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7 Things You Shouldn't Touch Due to Omicron

Your fingers carry the disease to your face. Here's how to make sure that never happens.

Although contracting COVID by touching a surface containing the virus "is not thought to be the main way the virus spreads," the CDC says, so-called "fomite transmission" is still possible. Another reason caution is warranted: A new study found that Omicron survives longer on certain surfaces than five previous variants of COVID. These are seven things you shouldn't touch if you want to avoid catching Omicron. Read on to find out more—and to ensure your health and the health of others, don't miss these Sure Signs You've Already Had COVID


Plastic Surfaces in Public

A person's hand holding onto a handle on a bus.

In the study, Japanese researchers observed how long the Omicron variant lasted on samples of plastic and skin. They found Omicron survived on plastic for an average of 193.5 hours—slightly more than eight days—while the original COVID strain lasted 56 hours, Alpha lasted 191.3 hours, Beta lasted 156.6 hours, Gamma 59.3 hours, and Delta 114 hours. The good news: All variants were inactivated by being exposed to alcohol for 15 seconds. 


Other People's Hands

people shaking hands at office

At the beginning of the pandemic, health experts urged substituting a wave or an elbow bump for the standard handshake. The new study suggests that may be a good idea (and it's definitely not time to forgo regular hand washing or carrying hand sanitizer). Researchers found that Omicron lasted an average of 21.1 hours on skin, compared to  8.6 hours for the original version, 19.6 hours for Alpha, 19.1 hours for Beta, 11 hours for Gamma, and 16.8 hours for Delta.

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Elevator Buttons

Pressing elevator button

Often made of plastic, elevator buttons are constantly touched by many different people. Press these germ magnets with a knuckle or the side of your hand. That lowers the chances you'll transfer any germs, including the COVID virus, to your face.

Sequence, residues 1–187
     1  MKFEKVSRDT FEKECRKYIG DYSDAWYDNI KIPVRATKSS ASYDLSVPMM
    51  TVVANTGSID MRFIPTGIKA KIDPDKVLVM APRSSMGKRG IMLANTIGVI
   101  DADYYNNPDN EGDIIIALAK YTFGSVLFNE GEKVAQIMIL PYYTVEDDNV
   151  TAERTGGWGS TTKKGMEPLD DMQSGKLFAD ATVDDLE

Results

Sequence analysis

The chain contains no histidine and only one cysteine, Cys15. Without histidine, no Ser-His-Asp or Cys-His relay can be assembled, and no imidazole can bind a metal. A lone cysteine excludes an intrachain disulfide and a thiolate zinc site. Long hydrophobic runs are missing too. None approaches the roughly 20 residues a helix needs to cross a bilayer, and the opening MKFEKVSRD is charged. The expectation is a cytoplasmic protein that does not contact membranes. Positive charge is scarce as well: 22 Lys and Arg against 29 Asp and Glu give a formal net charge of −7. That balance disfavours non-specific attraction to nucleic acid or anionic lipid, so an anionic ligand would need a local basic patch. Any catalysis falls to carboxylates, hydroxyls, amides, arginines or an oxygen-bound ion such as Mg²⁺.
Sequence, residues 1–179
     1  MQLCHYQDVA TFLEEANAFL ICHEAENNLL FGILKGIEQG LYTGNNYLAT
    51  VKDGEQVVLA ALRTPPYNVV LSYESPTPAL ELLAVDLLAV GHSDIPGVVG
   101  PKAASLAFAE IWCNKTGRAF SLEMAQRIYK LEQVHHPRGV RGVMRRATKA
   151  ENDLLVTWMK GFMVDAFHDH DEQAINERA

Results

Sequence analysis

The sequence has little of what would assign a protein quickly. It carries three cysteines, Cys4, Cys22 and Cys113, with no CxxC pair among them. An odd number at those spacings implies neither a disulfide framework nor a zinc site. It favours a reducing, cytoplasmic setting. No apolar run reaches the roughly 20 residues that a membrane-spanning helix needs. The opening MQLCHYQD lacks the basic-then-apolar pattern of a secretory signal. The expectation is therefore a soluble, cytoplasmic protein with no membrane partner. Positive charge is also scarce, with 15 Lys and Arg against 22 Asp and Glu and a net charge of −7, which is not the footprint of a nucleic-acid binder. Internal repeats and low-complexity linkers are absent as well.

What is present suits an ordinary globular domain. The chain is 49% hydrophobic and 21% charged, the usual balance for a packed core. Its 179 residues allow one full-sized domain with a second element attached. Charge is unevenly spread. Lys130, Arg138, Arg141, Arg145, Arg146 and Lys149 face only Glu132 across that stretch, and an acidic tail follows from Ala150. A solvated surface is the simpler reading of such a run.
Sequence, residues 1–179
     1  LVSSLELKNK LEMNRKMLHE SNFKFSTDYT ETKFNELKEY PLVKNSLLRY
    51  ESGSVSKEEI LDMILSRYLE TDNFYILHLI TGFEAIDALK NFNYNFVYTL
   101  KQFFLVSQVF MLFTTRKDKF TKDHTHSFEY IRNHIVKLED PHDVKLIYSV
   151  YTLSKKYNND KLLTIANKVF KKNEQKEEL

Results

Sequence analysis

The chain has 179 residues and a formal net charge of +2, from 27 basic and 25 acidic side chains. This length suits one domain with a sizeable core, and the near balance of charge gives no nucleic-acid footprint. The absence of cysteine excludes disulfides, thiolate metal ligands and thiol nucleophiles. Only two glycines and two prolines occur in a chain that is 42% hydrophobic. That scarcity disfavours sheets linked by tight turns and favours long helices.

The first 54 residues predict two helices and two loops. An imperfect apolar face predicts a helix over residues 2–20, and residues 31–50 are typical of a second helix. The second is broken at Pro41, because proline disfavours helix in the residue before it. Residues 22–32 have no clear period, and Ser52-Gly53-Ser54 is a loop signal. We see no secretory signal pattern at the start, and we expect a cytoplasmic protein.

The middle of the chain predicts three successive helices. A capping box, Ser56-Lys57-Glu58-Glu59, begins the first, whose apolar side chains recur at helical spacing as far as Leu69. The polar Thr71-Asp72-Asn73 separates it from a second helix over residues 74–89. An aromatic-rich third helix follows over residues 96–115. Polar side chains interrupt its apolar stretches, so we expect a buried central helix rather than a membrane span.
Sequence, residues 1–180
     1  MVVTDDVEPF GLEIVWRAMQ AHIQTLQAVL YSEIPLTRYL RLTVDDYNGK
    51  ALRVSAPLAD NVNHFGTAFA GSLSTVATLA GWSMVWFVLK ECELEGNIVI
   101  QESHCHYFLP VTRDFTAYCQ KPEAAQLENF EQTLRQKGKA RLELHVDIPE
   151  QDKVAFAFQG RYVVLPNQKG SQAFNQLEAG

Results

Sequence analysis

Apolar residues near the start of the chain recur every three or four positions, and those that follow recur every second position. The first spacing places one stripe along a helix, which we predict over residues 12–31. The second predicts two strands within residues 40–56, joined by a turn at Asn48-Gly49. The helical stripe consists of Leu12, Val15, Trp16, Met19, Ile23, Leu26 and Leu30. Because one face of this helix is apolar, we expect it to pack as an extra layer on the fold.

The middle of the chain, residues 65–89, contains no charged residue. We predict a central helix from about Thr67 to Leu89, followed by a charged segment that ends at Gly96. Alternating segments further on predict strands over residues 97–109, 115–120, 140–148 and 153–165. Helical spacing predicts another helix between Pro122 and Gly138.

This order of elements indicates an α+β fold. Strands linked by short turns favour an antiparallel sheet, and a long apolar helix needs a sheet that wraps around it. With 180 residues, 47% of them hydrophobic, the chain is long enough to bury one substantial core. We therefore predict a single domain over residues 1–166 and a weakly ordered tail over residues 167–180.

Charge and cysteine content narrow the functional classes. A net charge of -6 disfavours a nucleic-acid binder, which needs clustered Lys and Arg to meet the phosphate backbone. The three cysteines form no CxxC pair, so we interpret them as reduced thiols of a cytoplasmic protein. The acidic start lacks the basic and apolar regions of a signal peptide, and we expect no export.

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Restaurant Menus

woman pointing and admiring item on menu

Many restaurants have converted to digital menus for sitdown dining, which is a great idea: Hard copies are often plastic-covered and are rarely cleaned. If your favorite restaurant is still going analog, don't put a menu on your plate or silverware. After you've ordered, don't touch your face or start your meal without washing your hands for at least 20 seconds or using hand sanitizer.

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Shopping Baskets or Carts

Men's hand holding an empty basket in the supermarket

Shopping cart and basket handles were germ hotspots even before COVID—one pre-pandemic study found that most shopping cart handles contained bacteria that can cause stomach flu-style symptoms. To stay healthy, wipe them down with an antibacterial wipe or use hand sanitizer when your shopping trip's done.

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Public Pens


Usually plastic and frequently touched by huge numbers of people all day long, the public pens at banks and stores are major virus magnets. It's a good idea to bring your own pen along whenever you might need to use one—to the bank, doctor's office, or on errands. 


Checkout Screens or ATM Buttons

Low angle view of African American businesswoman inserting credit card and withdrawing cash at ATM while wearing protective mask on her face.

Checkout screens at grocery stores and ATM keypads are notoriously germy. (Studies have found that ATM buttons can be up to nine times germier than a public toilet.) Bring a pen with you and use the non-writing end to press keys and give your signature, or attach a mini-stylus to your keychain that you can use to stay contact-free.


How to Stay Safe Out There

Doctor had just vaccinated a young female patient in the hospital.

Follow the fundamentals and help end this pandemic, no matter where you live—get vaccinated ASAP; if you live in an area with low vaccination rates, wear an N95 face mask, don't travel, social distance, avoid large crowds, don't go indoors with people you're not sheltering with (especially in bars), practice good hand hygiene, and to protect your life and the lives of others, don't visit any of these 35 Places You're Most Likely to Catch COVID.

Michael Martin
Michael Martin is a New York City-based writer and editor. Read more about Michael
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